By Julio P. Yap Jr.
When we talk about forests, it is most certain that timber and wood products would come into our minds.
Maybe, some of us would not even consider that over-exploitation and conversion of our forests to other purposes have already resulted in the rapid depletion of the country’s forest resources, including non-timber forest products (NTFPs) like rattan, bamboo, bark, nipa, flowering plants, ferns, orchids, vines and many other forest growth.
Unfortunately, NTFPs are often classified and referred to as “minor forest products” which are most likely neglected or forgotten.
Among the non-timber forest products that is getting lesser and lesser attention are the different kinds of forest vines.
But forest vines are among the best sources of raw materials for the production of handicraft and other hand-made novelty items.
These lowly vines are also important sources of materials for the construction of low-cost housing, preparation of food and beverage products, clothing materials, medicine, and other goods, particularly in the rural areas.
The gathering and utilization of forest vines can also provide an additional income for the marginal farmers and those living in the upland areas.
With its long yet flexible stems, forest vines are very suitable for the production of handicrafts and other hand-made items.
These herbaceous or woody plants have roots anchored to the ground and the rest of its body can climb without support on the branches of trees.
Forest vines usually cling to trees and other plants for mechanical support and position themselves to capture light.
Forest vines are considerably abundant in the forests, making our country the second largest world producer of handicrafts.
However, the local handicraft industry is now faced with problems on export due to the insufficient supply of raw materials, and stiff competition from other handicraft-producing countries like China, Vietnam, Malaysia, and Thailand.
Because of these factors, our handicraft industry is beset with problems and challenges.
Among them is the lack of market information, inefficient extraction and processing technology, lack of supply of raw materials, and lack of capital to finance the development of NTFP plantations.
To underscore the importance of our country’s forest vines, the Philippine Council for Agriculture, Aquatic and Natural Resources Research and Development of the Department of Science and Technology (DOST-PCAARRD) funded a program for its development.
The program titled “Philippine Forest Vines for Handicraft and Furniture Industry” is being implemented by the DOST-Forest Products Research and Development Institute (DOST-FPRDI).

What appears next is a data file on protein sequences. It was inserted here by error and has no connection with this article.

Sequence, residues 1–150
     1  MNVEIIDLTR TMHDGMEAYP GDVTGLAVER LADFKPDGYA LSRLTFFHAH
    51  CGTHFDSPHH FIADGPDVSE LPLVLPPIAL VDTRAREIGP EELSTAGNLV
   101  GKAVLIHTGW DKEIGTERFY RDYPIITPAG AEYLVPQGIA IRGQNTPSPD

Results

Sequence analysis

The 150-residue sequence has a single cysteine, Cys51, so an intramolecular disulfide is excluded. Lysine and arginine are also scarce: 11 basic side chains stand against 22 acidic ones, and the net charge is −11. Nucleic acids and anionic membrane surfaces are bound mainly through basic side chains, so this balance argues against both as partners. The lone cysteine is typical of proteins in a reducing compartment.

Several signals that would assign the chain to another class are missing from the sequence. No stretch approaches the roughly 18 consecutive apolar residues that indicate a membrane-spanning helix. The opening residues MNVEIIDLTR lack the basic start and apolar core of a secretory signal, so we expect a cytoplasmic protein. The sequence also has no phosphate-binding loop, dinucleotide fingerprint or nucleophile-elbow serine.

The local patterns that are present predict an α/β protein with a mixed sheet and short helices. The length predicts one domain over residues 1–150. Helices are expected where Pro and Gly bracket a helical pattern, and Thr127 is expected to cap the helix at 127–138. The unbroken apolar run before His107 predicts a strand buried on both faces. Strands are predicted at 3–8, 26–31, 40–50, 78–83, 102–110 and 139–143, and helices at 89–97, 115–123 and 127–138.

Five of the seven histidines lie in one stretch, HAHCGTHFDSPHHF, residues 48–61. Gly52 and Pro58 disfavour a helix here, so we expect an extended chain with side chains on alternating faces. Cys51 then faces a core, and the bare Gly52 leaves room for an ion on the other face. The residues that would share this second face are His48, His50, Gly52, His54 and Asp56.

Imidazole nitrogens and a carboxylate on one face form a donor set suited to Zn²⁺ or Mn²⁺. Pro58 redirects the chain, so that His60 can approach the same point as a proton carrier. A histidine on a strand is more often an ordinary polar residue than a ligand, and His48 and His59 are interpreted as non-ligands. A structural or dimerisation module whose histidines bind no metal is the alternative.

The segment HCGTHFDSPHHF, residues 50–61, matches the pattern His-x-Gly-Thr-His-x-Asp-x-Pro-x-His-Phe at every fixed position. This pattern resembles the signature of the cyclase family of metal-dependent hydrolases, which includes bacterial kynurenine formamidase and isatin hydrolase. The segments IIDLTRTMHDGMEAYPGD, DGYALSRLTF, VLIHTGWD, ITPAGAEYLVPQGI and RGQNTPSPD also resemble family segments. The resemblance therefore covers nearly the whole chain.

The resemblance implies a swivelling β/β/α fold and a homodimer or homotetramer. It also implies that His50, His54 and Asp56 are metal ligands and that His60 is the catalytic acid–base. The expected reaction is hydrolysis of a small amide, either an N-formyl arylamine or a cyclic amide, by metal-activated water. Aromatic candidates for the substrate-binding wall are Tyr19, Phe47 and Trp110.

The PCAARRD-funded forest vines program includes: Biological Studies of Economically Important Forest Vines in the Provinces of Camarines Sur and Albay; Treatability and Performance of Commercial Forest Woody Vines Using Chemical and Organic Preservatives; Evaluation of the Physical and Mechanical Properties of Economically Important Forest Woody Vines; and, Value Chain Assessment of Commercially Important Forest Vines.
These projects aim to utilize non-commercial species of forest vines, promote sustainable management, develop nurseries and demo farms, improve harvesting technologies, and provide recommendations to the handicrafts and furniture industries for improvement in the supply chain.
Extensive resource survey and inventory will also be conducted to have an actual data of forest vines in the wild.
The supply chain of commercially important forest vines will also be mapped out.
Physical and mechanical properties of economically important forest woody vines and appropriate preservation and treatment of these vines and their products will be studied.
With the help of the technologies that will be developed, the furniture and handicraft industries are expected to be efficient and effective in producing raw materials and marketing their products made out of forest woody vines.
Non-timber forest products have long provided people living in or near forest areas, especially subsistence upland farmers and the unemployed or underemployed in the lowlands, with sources of income.
By utilizing forest vines for the manufacture of different products, farmers and those living in the remote upland areas could generate additional income, and help increase our country’s exports on handicraft items.
Although forest vines are mainly used for producing handicrafts and furniture, other novel and innovative products may be revealed and developed.
The application of science and technology (S&T) interventions can provide better opportunities to the various players in the industry.
DOST-PCAARRD vows to continuously work on addressing the challenges faced by the handicraft industry to meet the rising demand for forest vines products.
With the projects under the “Philippine Forest Vines for Handicraft and Furniture Industry” program, our forests will be able to provide an adequate supply of raw materials to the end-users and the handicraft industry, at the same time, conserving the resources.
Promoting equitable access to opportunities in the utilization of the resources and promoting economic development in the countryside can also be achieved.
It is expected that the results of these S&T interventions can put the forest vines industry in the forefront, provide opportunities for future researchers to study forest vines, and underscore their economic importance.
This appeared in Agriculture Monthly’s September 2018 issue.